Art Club got very clever last year with the use of line and space, making these beautiful contour line pumpkins filled with their own Zentangles. Aren’t they expressive?!

As my kids went back to school today, I left them and couldn’t help thinking all day about how they were doing.  Were they having a good day at school?  We all do this to some degree.  Perhaps less as they get older.  When my kiddos came home, I asked them about 100 questions and only a couple were responded to with more than a 1 word answer.  Good.  Fine.  Stuff.  It got me thinking, how can we communicate how we feel about an experience without being literal?  Through design!  Why not ask our kids to use lines and patterns to show us what their day was like?

IMG_5775 IMG_8458

Here’s an example of one that starts with a squiggly line and ends like this.


Another example!

Something so simple can tell us so much about how our kids are feeling.  Can you guess which kiddo felt tired when he got home?   Try it!  Give your kids a blank piece of paper with a 4 inch square drawn on it.  Tell them to draw a line that shows how their day went.  Fill it with lines and patterns to represent the different things that happened during the day. Show us what they make!

Color Construct Create, OT

I am sooooo not an artist!!!

Halloween Handiwork

Ten years ago, if you had asked me what I would be doing, it would certainly not be teaching art classes.  As a child, I loved watching my mom sew, I would make small projects with my Girl Scout troop, and remember sewing matching shorts with my high school friends.  I made my first quilt the summer before I went away to college.  I have always enjoyed crafting – making beaded jewelry, scrapbooking, and putting together fun projects for the kids I babysat or my own younger siblings.  My love of crafts has followed me into adulthood.  My home is scattered with a handmade decor, carefully assembled scrapbooks, and several memory quilts.  I love when I get the chance to make a Halloween costume or a Christmas or birthday gift for a friend/family member.  Despite my love for crafting, I readily admit that my drawing, painting and expressive art skills could use a bit  some a lot of work.  I remember painting a dresser with my college roommates.  One drawer had beautiful flowy flowers, another had amazing geometric designs, the other was an adorable cityscape.  Mine, well, mine looked like a kindergartner did it… star. heart. rainbow. cloud.   That dresser is now gone (good riddance), and my fabulous art skills remain.  Fortunately, I also discovered an alternate career path in the event that artist didn’t pan out.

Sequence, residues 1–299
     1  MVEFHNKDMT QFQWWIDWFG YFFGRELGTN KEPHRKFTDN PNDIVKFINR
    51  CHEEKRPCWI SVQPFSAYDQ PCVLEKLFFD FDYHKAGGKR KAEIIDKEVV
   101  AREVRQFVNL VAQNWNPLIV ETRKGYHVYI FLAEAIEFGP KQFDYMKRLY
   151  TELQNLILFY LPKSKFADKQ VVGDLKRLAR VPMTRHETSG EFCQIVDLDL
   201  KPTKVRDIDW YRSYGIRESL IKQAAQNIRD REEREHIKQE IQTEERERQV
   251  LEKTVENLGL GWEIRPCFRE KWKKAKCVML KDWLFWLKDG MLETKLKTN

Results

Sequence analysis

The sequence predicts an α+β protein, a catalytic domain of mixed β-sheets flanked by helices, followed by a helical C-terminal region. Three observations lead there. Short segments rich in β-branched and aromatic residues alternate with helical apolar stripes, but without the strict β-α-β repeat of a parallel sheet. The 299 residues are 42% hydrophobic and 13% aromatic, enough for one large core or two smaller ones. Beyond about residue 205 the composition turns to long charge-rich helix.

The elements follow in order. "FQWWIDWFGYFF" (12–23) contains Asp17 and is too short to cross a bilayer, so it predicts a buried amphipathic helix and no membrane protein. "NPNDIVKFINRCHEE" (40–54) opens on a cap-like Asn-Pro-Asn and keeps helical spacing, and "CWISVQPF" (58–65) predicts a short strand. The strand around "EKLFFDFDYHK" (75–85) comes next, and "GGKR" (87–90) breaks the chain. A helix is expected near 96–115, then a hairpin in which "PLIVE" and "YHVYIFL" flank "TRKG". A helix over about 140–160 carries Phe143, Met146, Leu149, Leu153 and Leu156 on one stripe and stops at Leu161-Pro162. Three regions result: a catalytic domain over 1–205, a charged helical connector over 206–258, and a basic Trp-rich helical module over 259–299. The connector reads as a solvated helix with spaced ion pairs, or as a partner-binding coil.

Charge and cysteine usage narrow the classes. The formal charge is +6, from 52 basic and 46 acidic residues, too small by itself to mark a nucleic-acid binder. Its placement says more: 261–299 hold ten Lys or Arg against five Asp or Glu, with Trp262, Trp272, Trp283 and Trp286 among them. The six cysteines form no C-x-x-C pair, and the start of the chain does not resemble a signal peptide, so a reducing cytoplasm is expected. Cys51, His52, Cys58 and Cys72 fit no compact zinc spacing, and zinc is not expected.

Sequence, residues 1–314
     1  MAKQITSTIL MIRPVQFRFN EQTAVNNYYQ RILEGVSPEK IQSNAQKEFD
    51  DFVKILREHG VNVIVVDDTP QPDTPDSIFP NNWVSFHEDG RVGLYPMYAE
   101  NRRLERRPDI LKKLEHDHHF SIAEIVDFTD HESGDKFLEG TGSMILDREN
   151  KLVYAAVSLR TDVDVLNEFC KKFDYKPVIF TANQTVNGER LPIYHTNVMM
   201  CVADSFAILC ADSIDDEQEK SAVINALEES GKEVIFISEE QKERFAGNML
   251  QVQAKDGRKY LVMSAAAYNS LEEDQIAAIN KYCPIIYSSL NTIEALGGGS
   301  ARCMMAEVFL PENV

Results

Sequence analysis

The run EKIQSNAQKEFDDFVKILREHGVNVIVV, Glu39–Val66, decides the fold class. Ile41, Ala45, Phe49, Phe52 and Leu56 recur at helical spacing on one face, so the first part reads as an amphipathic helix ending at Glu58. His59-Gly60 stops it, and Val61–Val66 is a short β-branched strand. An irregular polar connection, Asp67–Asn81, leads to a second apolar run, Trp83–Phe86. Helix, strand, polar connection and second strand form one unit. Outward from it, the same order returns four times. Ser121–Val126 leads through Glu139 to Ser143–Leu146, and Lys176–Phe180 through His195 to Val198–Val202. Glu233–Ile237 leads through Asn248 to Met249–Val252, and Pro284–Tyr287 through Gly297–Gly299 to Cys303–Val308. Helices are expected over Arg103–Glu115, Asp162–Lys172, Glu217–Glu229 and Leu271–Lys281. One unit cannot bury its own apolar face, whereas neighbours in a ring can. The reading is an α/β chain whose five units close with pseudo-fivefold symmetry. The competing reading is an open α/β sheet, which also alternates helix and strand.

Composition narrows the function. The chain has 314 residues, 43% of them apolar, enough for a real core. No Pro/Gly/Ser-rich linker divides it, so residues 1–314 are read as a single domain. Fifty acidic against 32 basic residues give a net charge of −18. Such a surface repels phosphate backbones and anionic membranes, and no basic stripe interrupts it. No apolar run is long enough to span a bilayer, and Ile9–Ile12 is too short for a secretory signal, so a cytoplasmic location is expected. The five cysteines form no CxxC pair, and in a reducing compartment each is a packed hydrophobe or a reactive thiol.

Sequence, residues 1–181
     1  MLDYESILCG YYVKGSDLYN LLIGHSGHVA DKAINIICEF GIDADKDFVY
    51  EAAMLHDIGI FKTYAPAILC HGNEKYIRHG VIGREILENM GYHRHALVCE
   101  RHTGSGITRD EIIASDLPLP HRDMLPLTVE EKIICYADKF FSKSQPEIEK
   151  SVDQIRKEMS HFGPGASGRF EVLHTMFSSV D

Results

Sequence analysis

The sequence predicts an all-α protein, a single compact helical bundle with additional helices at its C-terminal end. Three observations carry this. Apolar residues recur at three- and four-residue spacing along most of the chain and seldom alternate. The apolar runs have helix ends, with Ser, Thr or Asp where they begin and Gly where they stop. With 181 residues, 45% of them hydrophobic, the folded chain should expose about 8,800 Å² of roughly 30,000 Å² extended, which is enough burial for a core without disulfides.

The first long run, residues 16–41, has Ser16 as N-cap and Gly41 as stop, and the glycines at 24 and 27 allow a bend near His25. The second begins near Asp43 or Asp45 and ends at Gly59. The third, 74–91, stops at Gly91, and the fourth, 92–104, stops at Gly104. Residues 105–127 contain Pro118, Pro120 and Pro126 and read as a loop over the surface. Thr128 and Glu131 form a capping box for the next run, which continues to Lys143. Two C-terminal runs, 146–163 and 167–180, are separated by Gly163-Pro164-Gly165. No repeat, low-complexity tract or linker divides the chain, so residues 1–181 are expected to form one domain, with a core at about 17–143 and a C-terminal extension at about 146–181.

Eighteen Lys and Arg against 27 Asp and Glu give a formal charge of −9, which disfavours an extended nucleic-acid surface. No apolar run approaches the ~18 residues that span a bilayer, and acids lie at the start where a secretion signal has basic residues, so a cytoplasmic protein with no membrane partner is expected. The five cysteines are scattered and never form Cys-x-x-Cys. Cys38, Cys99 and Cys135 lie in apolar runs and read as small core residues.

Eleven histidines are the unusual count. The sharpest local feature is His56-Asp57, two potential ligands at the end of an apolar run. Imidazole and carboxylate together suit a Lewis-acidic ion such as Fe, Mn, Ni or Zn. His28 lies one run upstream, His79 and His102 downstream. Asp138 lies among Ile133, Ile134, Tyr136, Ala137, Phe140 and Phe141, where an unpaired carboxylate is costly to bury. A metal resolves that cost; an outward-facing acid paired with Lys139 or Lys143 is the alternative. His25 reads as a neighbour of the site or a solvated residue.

That leads us to where I am today.  I find that I had less and less time for crafting as I am in the throws of homework, soccer, music lessons and scouting activities for my three very active children.  I am the co-leader of my daughter’s Girl Scout troop, manage my son’s soccer team, and found that I have very little time to spend making crafts and putting together scrapbooks.  I am a pediatric occupational therapist (OT) and have enjoyed every minute of it!  I love working with kids, helping them navigate their individual challenges to conquer their everyday activities.

Working on pencil grasp

Several years ago, I was feeling like I was constantly struggling to find “me time”.  I was working in the school district, treating oodles of children during the school day, shuttling my own children to the various and assorted activities in the afternoon and finally getting to my paperwork in the evening.  Although my crafting tendencies have carried over somewhat into my professional life, there was still something missing.   Kelly and I came to the same realization at the same time in our lives.  We needed to do something about it.  Our combined experiences and professional backgrounds led us to form Color, Construct, Create Studios.

Sensory fun